Naturally - and intuitively - it’s “inconvenience” that trumps freedom, right? Just try flying somewhere and anywhere and the personal freedoms we often take for granted are quickly yanked at the airport where inconvenience is the modus operandi - from searching to pat-downs to full body scans. But how can “convenience” also trump freedom?

“Convenience” - or its variant/adjectival form “convenient” - is one of those words classified by wordsmiths and linguists as an “approbative” or a word that produces a positive effect. During my senior year at Samoa College, my English teacher used the classification “Favorable  Words.” (vs. "Unfavorable"). Convenience is certainly a “favorable” word....or is it?

With the advances in technology of the last several decades - especially in the field of automation - the word “convenient” has become more ubiquitous. It has been used to describe a variety of things - from electronic transactions and communication to gas station stores; and from automobile accessories to strategically and conveniently placed kiosks.

It was at one of the US airports where I was first made aware of convenience trumping freedom.

I went inside the restrooms and after "transacting some business" in one of the stalls, I reached back for the flushing handle - not there. I turned (while still seated) to spot a button or a non-standard device for flushing - zippo ... zilch! Then I stood up, a bit frustrated. But no sooner was I up than the gush and rush of the flush made me ... well, blush!  “What the heck?” I quietly mumbled.

My embarrassed but still analytical mind finally figured out the surprise from my experiences with other similar setups and devices. The word “motion sensor” popped into my head and I needed some confirmation. I immediately sat down on the throne again for a few seconds and then stood up, and sure enough, the flush was activated. I admitted quietly: “How convenient!”

But then my brain starts implementing its own probe. “What if someone wants a second, or third or fourth flush? Apparently the “Simon Says” game needs to be played and repeated. On the other hand, a creative person would try to find where the sensor is and trigger it using some other means. Still I thought that I had been robbed of my freedom to just turn that handle as many times as I want, or needed. Obviously, the choice was still there, only different and a bit more arduous. So I quietly forgave the inventor of the flushing sensor - for at least a minute or two ....

Because when I stepped out of the stall to wash my hands, guess what? I did not see any handles for the taps. “A ha ...gotcha!” I proudly whispered. I walked over and put my hands under the faucet and surely water gushed out. Again “How convenient,” I thought.  But the water was cold and I wanted warm. I kept my hands under the faucet a little longer and the water changed from cold to cool, but not warm. Now I was having an imaginary exchange with the faucet: “I want warm,” I said. “Sorry that’s all you’ll get” was the faucet’s reply and to which I responded: “You’re robbing me of my freedom to choose the temperature that I want.” The faucet then assured me that I had to choose between freedom and convenience. It spewed again: “The temperatures are now preset and that is a huge convenience.” I then replied: “Whose convenience? C’mon, let people decide the warmth of the water for themselves, give them freedom - that’s true convenience; I want my two C and H handles so I can adjust the warmth that I want.”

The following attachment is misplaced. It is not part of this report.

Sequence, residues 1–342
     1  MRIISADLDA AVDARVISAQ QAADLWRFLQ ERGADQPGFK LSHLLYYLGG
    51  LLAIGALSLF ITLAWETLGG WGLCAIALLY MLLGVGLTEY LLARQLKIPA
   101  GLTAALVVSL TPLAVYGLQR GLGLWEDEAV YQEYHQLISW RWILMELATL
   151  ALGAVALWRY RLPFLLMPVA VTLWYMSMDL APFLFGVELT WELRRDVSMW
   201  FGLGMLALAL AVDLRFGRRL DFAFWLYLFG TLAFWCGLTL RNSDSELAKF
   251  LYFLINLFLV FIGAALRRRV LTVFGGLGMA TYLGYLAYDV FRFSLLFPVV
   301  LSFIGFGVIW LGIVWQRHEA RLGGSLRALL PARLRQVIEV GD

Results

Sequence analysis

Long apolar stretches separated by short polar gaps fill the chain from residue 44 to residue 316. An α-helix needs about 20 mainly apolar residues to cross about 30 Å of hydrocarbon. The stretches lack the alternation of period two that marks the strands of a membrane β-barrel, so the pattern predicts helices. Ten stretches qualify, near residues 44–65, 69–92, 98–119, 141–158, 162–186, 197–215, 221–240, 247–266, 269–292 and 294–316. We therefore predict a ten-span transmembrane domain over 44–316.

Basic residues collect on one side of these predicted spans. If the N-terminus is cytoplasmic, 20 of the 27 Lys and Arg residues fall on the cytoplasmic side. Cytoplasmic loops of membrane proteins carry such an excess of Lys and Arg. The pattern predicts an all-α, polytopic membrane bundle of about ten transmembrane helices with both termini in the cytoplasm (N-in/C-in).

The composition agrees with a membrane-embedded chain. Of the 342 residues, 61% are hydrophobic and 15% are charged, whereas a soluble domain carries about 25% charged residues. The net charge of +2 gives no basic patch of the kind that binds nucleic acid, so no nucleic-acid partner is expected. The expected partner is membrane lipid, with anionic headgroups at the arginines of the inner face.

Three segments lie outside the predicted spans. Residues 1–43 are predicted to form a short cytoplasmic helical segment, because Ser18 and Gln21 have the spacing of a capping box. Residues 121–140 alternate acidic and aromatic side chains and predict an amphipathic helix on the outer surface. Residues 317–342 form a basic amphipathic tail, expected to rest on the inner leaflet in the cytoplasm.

Then the water stopped. I wiggled my hands - nothing. I moved back a foot or two, then came back and tried again....still nothing. Now I was thinking that this faucet had a mind of its own and it was really mad at me. Just as I was about to move to the next sink, the water starts running again.

Oh, meanwhile, the soap dispenser (also motion sensor-controlled) was going like crazy spewing liquid soap from all the wiggles and jiggles and hula hand lessons in the sink. The rising soap suds started to become an inconvenience.

(Apparently there’s more to this conspiracy disguised as forced convenience. I wonder if it’s all wrapped nicely in what’s called  "profit!" The sensors, I guess, are meant to avoid waste (in case a tap is left running - intentionally or unintentionally), and save money, provided of course the sensors work all the time. Therefore, they also don’t want you to play with the flush handle and waste water in the process - even when flushing more than once is absolutely necessary. Warm or hot water also costs more, so they won’t give you any warmer or hot water.)

The saga continues. I realized that I wanted some cash. I spotted an ATM and again the “how convenient” thought nudged and nagged, only now it comes with a pinch of skepticism. Surely enough, it happened. I wanted $50, but my choices were in increments of 20, so I had to get $60.  With money, I guess I can relinquish my freedom any time for convenience sake - albeit covert and coerced.

Perhaps one of the ironies in all this pseudo convenience is that a traveler from China or Russia expecting to be "free at last", arrives at an airport in the - ahem, ahem - "land of the free", and finds that his first choices in America are conveniently infringed and encroached upon.

So next time you think something is convenient, think also of some personal freedoms and choices that have been compromised.

Bon Voyage!